The Fairylogues and Radio-Plays (lost film adaptation of "The Wizard of Oz"; 1908)
(Redirected from The Fairylogues and Radio-Plays (lost film adaptation of L. Frank Baum's Oz; 1908))
|A rediscovered still from the film.|
The Fairylogues and Radio-Plays is the earliest known (1908) adaptation of L. Frank Baum's The Wizard of Oz, written by and starring Baum. "Fairylogue" is a play on "fairy" and "travelogue", a popular form of the documentary at the time which involved people travelling to exotic places. The word "radio" was an attempt to make the film sound "high-tech" (as "cyber" or "2000" would be used in the 90s and early 2000s). The film included colourized slides, live actors, and narration. The film is also recognised as the first film to have a score, often erroneously attributed to D.W. Griffith's The Birth of a Nation.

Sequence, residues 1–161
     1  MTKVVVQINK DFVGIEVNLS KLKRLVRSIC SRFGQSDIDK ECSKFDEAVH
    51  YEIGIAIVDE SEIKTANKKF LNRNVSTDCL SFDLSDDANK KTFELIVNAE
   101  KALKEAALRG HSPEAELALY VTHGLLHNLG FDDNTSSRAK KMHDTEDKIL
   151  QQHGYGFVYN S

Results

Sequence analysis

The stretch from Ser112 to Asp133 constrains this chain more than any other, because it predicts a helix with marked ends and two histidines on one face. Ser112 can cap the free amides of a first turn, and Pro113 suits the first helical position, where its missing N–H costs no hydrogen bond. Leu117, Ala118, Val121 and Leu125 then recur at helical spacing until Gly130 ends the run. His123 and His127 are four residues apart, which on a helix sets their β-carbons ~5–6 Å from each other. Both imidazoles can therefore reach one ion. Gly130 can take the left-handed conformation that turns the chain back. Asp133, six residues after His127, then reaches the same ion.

The film is also recognised as one of the most technically ambitious films. Baum and several stage actors would interact with each other on stage as well as onscreen. The film would start out with Baum giving a lecture of his "travelogue" through the Land of Oz and the characters eventually, would "pull" him into their world. There was even a scene where Dorothy would be whisked away from the stage onto the screen by a tornado.
The film was shown for two months straight in Michigan and then in New York before closing on December 16, 1908. Despite the massive critical acclaim and sold out shows nearly every night it ran, costs were so high that, even though they had doubled the ticket prices, they still couldn't turn a profit. This left Baum depressed for years, even up to his death in 1919. Many viewed this as Baum's non-literary masterpiece.
The film was discarded after the Baum estate discovered its decomposition, and it is unknown if any other copies survive. A few production stills were uncovered in the late 80s, and historians scrambled to get as much information as possible. There have been rumours that a few copies may have been made to sell to collectors via a gift shop at the theatre the film was shown. Unless these rumours are true, this film is likely permanently lost.